5. No handouts.

When you give a presentation or workshop, do not hand out information that elaborates on your topic.  Instead, ask attendees to visit you online at your website, Facebook page, or Twitter account to receive some great information that they will find useful (really sell it!).  You can, however, give them a one-sheet (a one-page brochure) that acts as a CTA.  It should only include some information to pique their interest.  Your goal is to get them onto your website or connected to you via social media so you can continue to engage with them and convert them into customers.

Photo Courtesy Shashi Bellamkonda

GrowSmartBiz Conference: How to Multiply the Effects of SEO With Great Content

November 15th, 2010 :: Monika Jansen

One of the Marketing Track sessions I attended at the GrowSmartBiz Conference had a great title-Stories, Content, and the Search Engine Sword Over Your Head-and delivered useful information in spades.  No matter how new or established your business, this session was a great way to learn exactly how to improve your search engine optimization efforts and results.

Ben Cook, the SEO Manager at Network Solutions, moderated the panel of 4 pros, including Tinu Abayomi-Paul, principal of Leveraged Promotion, Dr. Alan Glazier, founder and owner of Shady Grove Eye and Vision Care, Deborah Ager, principal of ClickWisdom, LLC, and Liana Evans, CEO of LiBeck Integrated Marketing.    (You might be curious as to why there’s an optometrist on the panel.  Dr. Grazier has successfully implemented SEO at Shady Grove Eye and become a prolific blogger in the process.)

Here are their tips on using great content to boost your website’s search engine optimization:

Write for your audience! To produce great content specific to your audience, you need to understand what they search for when online.  Use Market Samurai, a keyword analysis tool, to help you figure what people are searching for.  Then you will be able to write content that addresses their needs.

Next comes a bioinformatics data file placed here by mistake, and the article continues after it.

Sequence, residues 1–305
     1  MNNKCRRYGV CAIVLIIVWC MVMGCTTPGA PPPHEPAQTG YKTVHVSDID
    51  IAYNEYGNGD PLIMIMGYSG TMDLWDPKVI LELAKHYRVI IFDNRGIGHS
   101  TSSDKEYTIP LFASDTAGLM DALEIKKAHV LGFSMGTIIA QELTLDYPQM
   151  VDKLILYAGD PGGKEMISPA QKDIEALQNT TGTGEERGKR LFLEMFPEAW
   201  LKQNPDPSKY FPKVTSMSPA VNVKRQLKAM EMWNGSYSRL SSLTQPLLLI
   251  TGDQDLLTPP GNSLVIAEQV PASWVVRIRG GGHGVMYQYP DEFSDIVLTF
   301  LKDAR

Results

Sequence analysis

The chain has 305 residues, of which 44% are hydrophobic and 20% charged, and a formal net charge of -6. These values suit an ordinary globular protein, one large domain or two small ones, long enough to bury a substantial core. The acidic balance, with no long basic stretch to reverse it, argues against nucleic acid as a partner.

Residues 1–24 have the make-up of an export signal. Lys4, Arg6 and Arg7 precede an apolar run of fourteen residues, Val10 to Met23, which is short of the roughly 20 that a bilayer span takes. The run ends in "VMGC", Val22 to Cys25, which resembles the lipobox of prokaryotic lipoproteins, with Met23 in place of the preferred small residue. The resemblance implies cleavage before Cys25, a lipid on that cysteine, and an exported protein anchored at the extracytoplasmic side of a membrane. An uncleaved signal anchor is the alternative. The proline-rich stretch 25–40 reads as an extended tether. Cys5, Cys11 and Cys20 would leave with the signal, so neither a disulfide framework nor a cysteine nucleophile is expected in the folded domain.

Use long-tail search terms in your content. Long-tail search terms are the descriptive keywords people enter in the search box when they’re conducting research online.  For instance, “children’s navy blue cotton jacket” rather than “children’s jackets”.  The more pages your website has, the more content you’ll have, and the more chances you’ll have at being found for long-tail terms.

Content type is important. Blogs, videos, and podcasts are great for search engine optimization, thanks to plenty of chances for back linking (aka, links from other sites).  All search engines, including Google and Bing, measure how often content is linked and how many views it gets, so the more varied your content, the better.

Make it easy to share content. Twitter makes sharing content and getting links easy as your content is spread from one person to the next.  On your blog, make sure you add “tweet this” and “like” buttons.  Google rewards websites that have links back to it from both new and established websites.

Optimize video and podcasts. Because search engines cannot read videos or podcasts, add a transcript.

The importance of the URL. You can create custom URL shorteners for branding purposes (I had no idea!).  Awe.sm is the first company I found in search results that does this.  Also be sure that your blog’s URLs contain the title of the blog post rather than numbers.

Photo Courtesy Shashi Bellamkonda

From the GrowSmartBiz Conference: Customer Service as a Differentiator for Small Businesses

November 12th, 2010 :: Monika Jansen

‘There is a general cultural of bad customer service in this country.”

Barry Moltz began his presentation, Customer Service Is the New Marketing, at the GrowSmartBusiness Conference on November 5 with the above statement.  As a prolific author and sought-after speaker on entrepreneurship (he has started three companies and founded an angel investing fund), Barry focused on the incredibly important role customer service now plays in a company’s growth and success.  (His engaging and entertaining presentation was based on his newest book, BAM! Delivering Customer Service in a Self-Service World.)

As he alluded to in his presentation, small business owners have a competitive advantage over large companies because we consistently deliver exceptional customer service to our clients.  I can only name three large companies that have built their cultures around customer service: Apple, Zappos, and Nordstrom.  (Maybe this is a trick question, but are there any others you can add to the list?)

Following are excerpts from Barry’s presentation, per my furiously scribbled notes: